Lost Children's Nursery Rhyme
In the Year of Children's Safety 2017 we put out a request for anyone knowing the words and music sung by children as nursery rhyme about lost Babes in the Woods. Although not our Lost Children their story triggered memories from the Old Country
Thank you so much Jennifer for taking such an interest in our search. Jen googled a search and came up with not only the words to the nursery rhyme but also it being sung on YouTube. The words are from an earlier time in the Old Country so the seasons are opposite and references to certain birds and their habits pinpoint the country but the age of the song definitely puts it in the 19th century or earlier. We put the word out for the search because Margaret has a 99 year old aunt who remembered a slightly different version of the song and that it had been sung to her by her mother which made the timing approximately right for when the Lost Children of Daylesford went missing and sadly found in the spring of 1867 in the hollow of the tree. Tragedies such as this were common in Pioneer Australia and often it only takes a word or a hint of a tune to have us remember. Margaret can now go back to her aunt with the nursery rhyme and it might unlock other memories of her mother and the reason why this song came to be sung. Did Margaret's grandmother hear of the Daylesford Lost Children from her mother and learn the changed words of the original nursery rhyme from this source and were her parents involved in the actual search. This family settled in the area in 1864 and the disappearance happened three years later so this theory is quite fesable. And if so was/is an eyewitness account there hidden among the family history records?
Looking to the words that Margaret's aunt remembers of this Babes in the Wood nursery rhyme the words seem to have been changed to suit the situation. What Margaret got from her aunt was:
It was winter you know such a long time ago, the poor little children were lost in the snow. Babes in the wood they were so very good, Poor little children lost/died in the wood.
Looks like a variation to suit the time of the Lost Children of Daylesford
This is our next call out- for anyone whose ancestory goes back to living in and around the township of Daylesford or any of the thriving Hamlets connected who have first hand accounts either in diaries, letters, photos, word of mouth storytelling of being involved in or witness to the search for the children; or in the spring when the Inquest was held at Philip's Farmer's Arms or watched or took part in the grand funeral through the streets arranged especially for those who wanted to say their goodbyes, to come to terms with not being able to save the boys from their fate, and so move on. This forward thinking arrangement to help the people overcome their grief didn't work for all and much happened to many of them. Many moved away, some never quite forgot, some made sure that their children and their generations to come learnt how to respect the bush for its beauty as well as its fickleness. Some though may have written their experiences down and these are the ones we are looking for. It is time for some to at last face their demons, to know that all that could be done was. This year, the 150th year of the Lost Children, is the chance to put the spirits to rest and move on. We should now look to the present and future of our children today and know that what we do to give our children confidence and knowledge regarding situations they find themselves in is the best we can do.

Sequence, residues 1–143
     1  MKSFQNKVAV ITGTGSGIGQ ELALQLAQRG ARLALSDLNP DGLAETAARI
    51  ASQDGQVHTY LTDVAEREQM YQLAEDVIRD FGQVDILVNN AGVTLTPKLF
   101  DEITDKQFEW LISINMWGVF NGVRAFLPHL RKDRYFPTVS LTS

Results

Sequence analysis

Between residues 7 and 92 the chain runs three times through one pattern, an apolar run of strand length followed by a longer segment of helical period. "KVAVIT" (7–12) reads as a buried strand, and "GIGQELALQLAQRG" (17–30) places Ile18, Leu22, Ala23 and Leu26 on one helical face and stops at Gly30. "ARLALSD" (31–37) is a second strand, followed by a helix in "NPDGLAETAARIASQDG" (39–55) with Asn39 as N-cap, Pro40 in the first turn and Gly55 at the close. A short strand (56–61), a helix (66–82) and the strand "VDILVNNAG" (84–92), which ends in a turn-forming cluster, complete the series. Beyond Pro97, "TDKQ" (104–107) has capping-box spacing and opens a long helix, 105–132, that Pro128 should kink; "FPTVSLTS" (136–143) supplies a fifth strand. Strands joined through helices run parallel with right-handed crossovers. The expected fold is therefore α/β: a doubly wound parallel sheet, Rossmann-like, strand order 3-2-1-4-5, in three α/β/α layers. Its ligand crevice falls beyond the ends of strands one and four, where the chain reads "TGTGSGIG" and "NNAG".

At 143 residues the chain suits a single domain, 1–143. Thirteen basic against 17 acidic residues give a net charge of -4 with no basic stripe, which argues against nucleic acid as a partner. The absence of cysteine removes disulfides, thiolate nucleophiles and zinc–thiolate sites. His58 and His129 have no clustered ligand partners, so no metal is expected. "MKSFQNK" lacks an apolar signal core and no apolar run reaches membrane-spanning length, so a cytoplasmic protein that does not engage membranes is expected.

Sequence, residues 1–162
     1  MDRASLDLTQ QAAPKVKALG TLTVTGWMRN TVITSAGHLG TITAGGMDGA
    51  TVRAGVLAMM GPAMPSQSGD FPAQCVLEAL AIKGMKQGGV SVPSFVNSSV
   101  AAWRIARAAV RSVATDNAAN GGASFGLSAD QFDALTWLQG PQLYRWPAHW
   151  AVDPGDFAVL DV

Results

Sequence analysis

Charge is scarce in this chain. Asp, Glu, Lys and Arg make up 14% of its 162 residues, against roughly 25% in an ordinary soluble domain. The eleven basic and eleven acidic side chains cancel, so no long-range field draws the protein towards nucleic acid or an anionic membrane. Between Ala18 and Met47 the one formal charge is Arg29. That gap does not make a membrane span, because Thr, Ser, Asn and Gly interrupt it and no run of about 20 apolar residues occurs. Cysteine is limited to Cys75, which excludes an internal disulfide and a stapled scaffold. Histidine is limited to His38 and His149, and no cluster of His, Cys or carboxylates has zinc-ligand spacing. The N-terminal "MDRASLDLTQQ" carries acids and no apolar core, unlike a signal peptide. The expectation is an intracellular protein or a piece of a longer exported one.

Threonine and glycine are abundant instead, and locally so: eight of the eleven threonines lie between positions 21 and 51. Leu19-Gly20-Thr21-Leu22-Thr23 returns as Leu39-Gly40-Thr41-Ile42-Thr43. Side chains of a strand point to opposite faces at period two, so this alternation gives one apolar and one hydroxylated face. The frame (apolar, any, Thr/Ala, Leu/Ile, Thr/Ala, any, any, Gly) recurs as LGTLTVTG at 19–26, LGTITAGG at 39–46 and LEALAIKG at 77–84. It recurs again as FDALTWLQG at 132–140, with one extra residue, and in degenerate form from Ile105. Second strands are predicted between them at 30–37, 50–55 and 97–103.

In the Year of Children's Safety we hope the Lost Children's story will not be just about three boys getting lost in the bush and then dying but to hopefully change the story into a positive story for children. Saying instead 'If you were lost in the bush what survival lessons have you learnt that will bring you safely home' It really doesn't matter if it is for bush safety or for any other situation our children find themselves in. Our children need to be given positive hands on training, no matter the age, to instinctively know the best thing to do in a situation outside of their normal environment. Many suggestions have been put forward regarding things such as basic First Aid in primary schools, compulsory swimming techniques and what I am suggesting learning bush craft and skills but it has to be more than just suggestions and talk. Children learn from hands on experience and confidence in their ability in any situation. We must give them that confidence rather than frighten them into bad reactions to even simple things.
Place of Burial